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Does It Take a Long Time to Resolve Medical Malpractice Suits?
- March 29, 2017
It’s true that some lawsuits, including suits involving claims of malpractice, can take a long time to resolve. Equally true is the fact that some malpractice suits are wrapped up in relatively little time. A lot of factors determine whether a suit is settled quickly or drags on for months or years. A personal injury attorney can help the client have some idea of what to expect, based on the specifics of the situation. Here are some of the issues that will affect the amount of time needed to bring the matter to a final resolution.
The Willingness to Negotiate
With many medical malpractice suits, the injured party is not dealing with the medical professional whose actions or negligence led to the issue. Instead, the insurance company who issued the policy for malpractice coverage will be attempting to come to some sort of arrangement with the injured party. The best approach is to hire a personal injury attorney who includes medical malpractice in his or her scope of practice.
Having an attorney present for the negotiations protects the interests of the client and also ensures that all discussions surrounding a settlement remain on topic. With the legal counsel for both parties involved, there is the potential for an agreement to be reached quickly. When that happens, the suit can be dismissed as soon as the responsible party complies with the terms of the settlement.
Keep in mind that the party responsible for the injury does have a vested interest in avoiding a battle in court. Mounting a defense in a malpractice case can be expensive. There is no guarantee the benefits included in the malpractice insurance will cover all of those expenses. That’s true even if the insurance does include enough coverage to take care of the amount awarded in the judge’s decree.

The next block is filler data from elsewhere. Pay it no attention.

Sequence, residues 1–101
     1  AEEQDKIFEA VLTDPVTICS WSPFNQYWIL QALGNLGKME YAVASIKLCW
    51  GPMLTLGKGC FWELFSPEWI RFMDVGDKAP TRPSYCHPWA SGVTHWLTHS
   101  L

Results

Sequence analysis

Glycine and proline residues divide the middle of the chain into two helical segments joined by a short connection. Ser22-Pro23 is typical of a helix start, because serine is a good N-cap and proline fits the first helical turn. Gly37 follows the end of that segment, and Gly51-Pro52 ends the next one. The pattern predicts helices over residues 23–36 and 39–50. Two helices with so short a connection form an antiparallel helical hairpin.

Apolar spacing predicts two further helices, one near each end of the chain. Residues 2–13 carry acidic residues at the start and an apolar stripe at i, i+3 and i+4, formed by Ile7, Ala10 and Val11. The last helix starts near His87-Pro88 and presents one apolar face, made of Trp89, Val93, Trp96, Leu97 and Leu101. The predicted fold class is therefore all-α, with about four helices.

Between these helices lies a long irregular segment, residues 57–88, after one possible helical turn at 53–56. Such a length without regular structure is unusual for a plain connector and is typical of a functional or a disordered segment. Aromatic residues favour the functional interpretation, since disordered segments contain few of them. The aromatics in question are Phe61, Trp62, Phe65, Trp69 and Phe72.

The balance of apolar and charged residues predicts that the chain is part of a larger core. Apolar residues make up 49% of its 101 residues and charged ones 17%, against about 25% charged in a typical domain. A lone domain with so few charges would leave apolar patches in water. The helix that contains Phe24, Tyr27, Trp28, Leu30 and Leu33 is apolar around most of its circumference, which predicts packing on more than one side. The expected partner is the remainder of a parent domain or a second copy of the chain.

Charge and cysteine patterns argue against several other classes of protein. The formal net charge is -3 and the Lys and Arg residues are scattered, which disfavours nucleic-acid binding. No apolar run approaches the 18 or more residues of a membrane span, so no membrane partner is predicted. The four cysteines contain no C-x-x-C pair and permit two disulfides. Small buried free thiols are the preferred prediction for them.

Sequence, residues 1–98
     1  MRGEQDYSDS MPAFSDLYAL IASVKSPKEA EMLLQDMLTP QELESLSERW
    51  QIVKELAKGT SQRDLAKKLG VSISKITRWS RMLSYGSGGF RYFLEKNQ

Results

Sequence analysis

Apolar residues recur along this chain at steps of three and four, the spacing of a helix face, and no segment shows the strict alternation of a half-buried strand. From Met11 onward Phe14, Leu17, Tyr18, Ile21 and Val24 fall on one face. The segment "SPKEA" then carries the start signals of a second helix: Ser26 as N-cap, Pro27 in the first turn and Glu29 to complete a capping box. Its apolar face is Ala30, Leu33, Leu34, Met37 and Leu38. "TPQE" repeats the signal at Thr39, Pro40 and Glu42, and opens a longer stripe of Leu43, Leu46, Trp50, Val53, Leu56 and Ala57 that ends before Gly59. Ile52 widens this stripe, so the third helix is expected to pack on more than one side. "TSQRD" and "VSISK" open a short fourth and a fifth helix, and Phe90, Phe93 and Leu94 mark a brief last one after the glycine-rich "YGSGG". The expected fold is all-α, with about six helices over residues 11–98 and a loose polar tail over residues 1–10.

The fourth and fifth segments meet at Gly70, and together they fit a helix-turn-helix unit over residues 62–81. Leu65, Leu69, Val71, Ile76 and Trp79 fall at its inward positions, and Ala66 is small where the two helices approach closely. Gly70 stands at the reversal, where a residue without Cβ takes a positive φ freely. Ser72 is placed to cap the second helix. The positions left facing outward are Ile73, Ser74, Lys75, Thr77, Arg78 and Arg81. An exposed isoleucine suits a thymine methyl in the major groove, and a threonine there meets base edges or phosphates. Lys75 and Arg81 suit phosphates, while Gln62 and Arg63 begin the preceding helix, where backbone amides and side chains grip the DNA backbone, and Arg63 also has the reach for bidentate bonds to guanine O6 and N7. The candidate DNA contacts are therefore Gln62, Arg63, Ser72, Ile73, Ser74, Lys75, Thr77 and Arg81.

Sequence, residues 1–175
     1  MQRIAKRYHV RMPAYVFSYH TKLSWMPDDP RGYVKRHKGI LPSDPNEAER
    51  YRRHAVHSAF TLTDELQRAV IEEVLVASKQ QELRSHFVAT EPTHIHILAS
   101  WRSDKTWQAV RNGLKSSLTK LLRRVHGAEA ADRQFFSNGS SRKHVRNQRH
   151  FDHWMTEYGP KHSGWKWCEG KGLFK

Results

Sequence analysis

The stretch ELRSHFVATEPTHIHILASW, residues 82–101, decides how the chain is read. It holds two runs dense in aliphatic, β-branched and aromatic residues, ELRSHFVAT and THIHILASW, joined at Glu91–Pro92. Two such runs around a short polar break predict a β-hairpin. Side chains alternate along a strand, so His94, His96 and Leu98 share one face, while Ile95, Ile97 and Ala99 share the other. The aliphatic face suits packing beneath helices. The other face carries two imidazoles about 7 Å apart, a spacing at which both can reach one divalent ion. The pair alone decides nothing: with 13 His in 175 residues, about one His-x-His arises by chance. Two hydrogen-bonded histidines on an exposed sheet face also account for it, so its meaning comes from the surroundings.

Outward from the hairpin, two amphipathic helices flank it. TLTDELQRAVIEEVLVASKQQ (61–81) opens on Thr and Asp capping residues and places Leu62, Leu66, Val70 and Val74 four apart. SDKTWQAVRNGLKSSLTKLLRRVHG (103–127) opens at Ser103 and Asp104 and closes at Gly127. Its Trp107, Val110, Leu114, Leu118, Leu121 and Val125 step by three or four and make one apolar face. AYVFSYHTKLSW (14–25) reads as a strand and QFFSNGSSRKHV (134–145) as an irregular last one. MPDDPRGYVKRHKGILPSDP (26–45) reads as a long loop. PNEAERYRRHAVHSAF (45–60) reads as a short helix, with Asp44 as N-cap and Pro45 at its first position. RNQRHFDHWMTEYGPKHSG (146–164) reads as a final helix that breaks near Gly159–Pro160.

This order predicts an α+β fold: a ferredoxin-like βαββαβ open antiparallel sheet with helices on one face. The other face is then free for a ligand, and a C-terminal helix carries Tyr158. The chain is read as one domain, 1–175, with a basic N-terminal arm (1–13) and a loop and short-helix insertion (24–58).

Couple the potential expense with the adverse effect on the responsible party’s professional reputation and it becomes easy to see why settling out of court could be an option. Depending on how clear-cut the evidence happens to be, the settlement may be reached with little to no objection.
The Complexity of the Medical Issues
A lot of work goes into understanding exactly what took place in terms of the actions of the responsible party and the outcome for the patient. In some instances, the details are simple and the results so easy to gauge that the amount of documentation related to the case is minimal. More complex cases may require going through a great deal of data, determining how to present it as part of the case, and identifying witnesses or experts who can speak directly to the accuracy of that data.
While this may seem to be a great deal of effort, taking the time to digest all the information and be prepared to present it in a court of law is ultimately in the best interests of the client. Doing so reduces the odds that something vital to the case is not left out of the proceedings. The lawyer can also anticipate the strategy of the opposing counsel and be prepared to rebut any objections that may arise.
The Types of Damages Requested as Part of the Suit
What kind of damages are being claims as part of the malpractice case? This is often a sticking point that slows down the overall proceedings. While some of the damage claims may be readily accepted, there may be intense discussions about some of the other claims. Assuming the client is not willing to discard one of those claims, the process of presenting evidence that all damage claims are valid could take some time.
The Amount of Damages Claimed
Even if there is no objection to the kinds of damages claimed in the suit, the responsible party may be hesitant to agree to the amounts requested. That can mean more negotiation or attempting to convince the court that the amounts do meet the standards and statutes that apply in the jurisdiction.
Never attempt to manage a medical malpractice suit without the legal counsel. Contact a personal injury attorney and go over the particulars of the situation. With an attorney on board, the odds of bringing the matter to a conclusion sooner rather than later are much higher.